“It’s about the children and the future of North Carolina,” said teacher assistant Teresa Sawyer from Currituck County. “If you lose extra people in the classroom, what’s going to happen to these children?”

Senate lawmakers unveiled a budget this week that would rid North Carolina’s early grade classrooms of more than half of their state-funded teacher assistants.

TAs have been a target for state budget cuts for years—since 2008, the state has lost more than 7,000 of these instructional aides who also frequently double as bus drivers and first responders to medical emergencies.

Instead of providing enough funds to keep TAs in classrooms, Senate budget writers have proposed putting some funds instead toward hiring more teachers to reduce K-3 class sizes.

“It’s a good concept, because there is some research out there that says lower class sizes work better,” said North Carolina Association of Teacher Assistants’ incoming president, William Johnston, “but [with the Senate budget proposal] you’ll get 2,000 more teacher positions and eliminate more than 8,000 TAs…you’re losing 6,000 sets of eyes to make sure that students get to where they need to be.”

“The safety of the children is being compromised,” added Johnston. “How are you going to cover lunch duty? How are kids going to get their medications?”

Others expressed concern over where the additional classes would be housed.

“Are they gonna give us money to create new construction?” wondered teacher assistant Lacy Autry. “In Robeson County, every one of our schools has three, four outside classrooms already. Where are you going to find room? We’ve taken janitorial supply closets to make classrooms. We just don’t have the room to reduce the sizes.”

Teacher assistants at the General Assembly on Wednesday also explained that a lot more is expected of them now than ever before, thanks to increased testing requirements and cuts to school nurses—and without their service, students will suffer.

“So if you don’t have that extra help in the classroom while teachers are pulling students out to work on testing requirements, children will just be doing a lot more busy work,” said TA Andrea Cranfill from Davie County.

And in Bladen County, the entire district has just four nurses to share among 13 schools.

“I’m the first responder in my school,” said Johnston. “We have a nurse maybe one day a week. So what happens the other four days a week if I’m not there?”

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TAs visit the office of Senator Jerry Tillman (R-Randolph)

Many TAs administer medications, serve on crisis response teams and even administer catheters and feeding tubes, according to those who came down to the General Assembly on Wednesday.

Senator Andrew Brock, a member of the Senate budget committee, seemed sympathetic to the TAs’ concerns.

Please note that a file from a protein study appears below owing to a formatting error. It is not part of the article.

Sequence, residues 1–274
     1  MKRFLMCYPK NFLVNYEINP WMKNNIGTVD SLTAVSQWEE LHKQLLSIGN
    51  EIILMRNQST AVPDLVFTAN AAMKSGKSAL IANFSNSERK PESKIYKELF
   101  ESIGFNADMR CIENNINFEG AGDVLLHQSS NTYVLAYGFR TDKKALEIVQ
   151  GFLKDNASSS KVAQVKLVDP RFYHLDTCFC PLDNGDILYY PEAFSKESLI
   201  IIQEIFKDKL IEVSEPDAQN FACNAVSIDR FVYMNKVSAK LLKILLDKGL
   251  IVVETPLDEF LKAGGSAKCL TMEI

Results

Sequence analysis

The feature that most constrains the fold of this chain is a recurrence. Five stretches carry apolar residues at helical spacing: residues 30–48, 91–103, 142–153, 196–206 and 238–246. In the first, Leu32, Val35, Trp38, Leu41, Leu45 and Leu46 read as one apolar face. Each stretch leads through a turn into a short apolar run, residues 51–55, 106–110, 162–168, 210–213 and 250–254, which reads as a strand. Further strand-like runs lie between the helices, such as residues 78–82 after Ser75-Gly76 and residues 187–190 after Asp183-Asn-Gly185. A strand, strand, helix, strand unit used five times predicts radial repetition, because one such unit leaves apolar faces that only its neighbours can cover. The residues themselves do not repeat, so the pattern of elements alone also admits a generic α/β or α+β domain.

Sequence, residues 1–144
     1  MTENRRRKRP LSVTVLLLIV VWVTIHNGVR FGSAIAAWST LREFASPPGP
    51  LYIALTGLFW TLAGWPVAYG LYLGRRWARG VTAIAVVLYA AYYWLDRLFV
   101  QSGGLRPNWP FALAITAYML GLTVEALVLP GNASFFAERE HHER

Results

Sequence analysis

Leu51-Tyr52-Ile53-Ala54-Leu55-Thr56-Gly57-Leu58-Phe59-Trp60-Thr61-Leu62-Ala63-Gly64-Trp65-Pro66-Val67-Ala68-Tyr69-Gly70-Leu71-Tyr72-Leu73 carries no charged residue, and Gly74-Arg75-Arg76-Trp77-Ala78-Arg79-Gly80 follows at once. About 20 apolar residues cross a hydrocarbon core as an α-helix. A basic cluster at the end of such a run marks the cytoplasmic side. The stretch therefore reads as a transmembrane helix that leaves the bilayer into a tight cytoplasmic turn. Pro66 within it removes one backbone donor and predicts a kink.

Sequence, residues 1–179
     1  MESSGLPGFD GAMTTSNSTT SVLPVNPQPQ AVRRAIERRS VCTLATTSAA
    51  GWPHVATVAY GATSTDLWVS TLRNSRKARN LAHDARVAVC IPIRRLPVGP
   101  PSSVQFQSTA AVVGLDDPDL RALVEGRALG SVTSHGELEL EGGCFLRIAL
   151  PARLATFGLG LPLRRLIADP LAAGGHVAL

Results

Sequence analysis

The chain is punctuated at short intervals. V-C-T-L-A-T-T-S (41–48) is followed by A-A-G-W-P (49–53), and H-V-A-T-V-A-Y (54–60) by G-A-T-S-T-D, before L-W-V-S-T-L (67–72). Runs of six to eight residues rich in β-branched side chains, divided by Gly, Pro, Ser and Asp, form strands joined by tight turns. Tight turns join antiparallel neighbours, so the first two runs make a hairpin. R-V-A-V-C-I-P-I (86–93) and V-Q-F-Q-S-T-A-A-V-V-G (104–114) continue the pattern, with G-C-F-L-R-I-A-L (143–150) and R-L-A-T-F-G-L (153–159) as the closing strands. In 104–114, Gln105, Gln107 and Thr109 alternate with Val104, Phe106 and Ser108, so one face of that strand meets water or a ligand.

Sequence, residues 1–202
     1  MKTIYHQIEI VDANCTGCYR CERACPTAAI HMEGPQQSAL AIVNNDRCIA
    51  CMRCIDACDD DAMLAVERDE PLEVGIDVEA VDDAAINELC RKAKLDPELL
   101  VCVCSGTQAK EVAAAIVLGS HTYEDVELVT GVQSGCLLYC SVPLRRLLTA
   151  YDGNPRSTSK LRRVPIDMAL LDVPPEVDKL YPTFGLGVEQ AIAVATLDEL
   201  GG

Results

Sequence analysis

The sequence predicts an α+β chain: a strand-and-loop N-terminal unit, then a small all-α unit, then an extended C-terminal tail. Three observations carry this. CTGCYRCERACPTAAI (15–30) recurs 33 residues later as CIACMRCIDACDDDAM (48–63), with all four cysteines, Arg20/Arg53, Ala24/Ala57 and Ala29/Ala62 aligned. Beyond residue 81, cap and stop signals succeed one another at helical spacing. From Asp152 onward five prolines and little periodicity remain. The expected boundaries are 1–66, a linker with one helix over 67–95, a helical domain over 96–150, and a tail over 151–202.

“I’ve got some issues with that,” Sen. Brock said in response to the prospect of the state losing TAs.

The teacher assistants also visited the offices of Senator Jerry Tillman (R-Randolph) and Senate budget writer Harry Brown (R-Jacksonville).

The Senate plans to pass a final budget this week, then set to work on a final compromise with the House this summer.

Watch TAs explain to Sen. Harry Brown’s staff the importance of keeping them in the classroom.

Commentary

Education cutsThis morning’s Winston-Salem Journal provides another example of how absurdly underfunded our public education system has gotten this morning in an editorial about the pay rates North Carolina maintains for teacher assistants.

Starting T.A. pay under the current state schedule works out by my back-of-the-envelope math to something on the order of around $12 an hour. There are plenty of chain restaurant servers who make more and this is well below the state’s living income standard. Stay on the job into middle age or retirement and you might eventually work your way up to $19 an hour.

As the Journal editorial reminds us, this is a preposterous way to treat the people entrusted with educating our children and a lousy way to attract quality employees. The editorial holds up the story of this year’s T.A. of the year — an amazing woman named Andrea Cranfill who has overcome her own disabilities to perform superhuman tasks working with challenged kids .

Cranfill’s service is clearly something akin to mission work performed at a great self-sacrifice. As admirable as this is, however, it shouldn’t have to be this way.  As any teacher will tell you, having a qualified and competent T.A. can make all the difference in transforming a classroom, or even a school itself.

So long as North Carolina is going to avoid the obvious solution of dramatically reducing class sizes to the point at which our teachers can have a reasonable shot at providing each child with the individualized attention each one deserves, the least we can do is pay our T.A.’s a living wage. Right now, we’re not even close.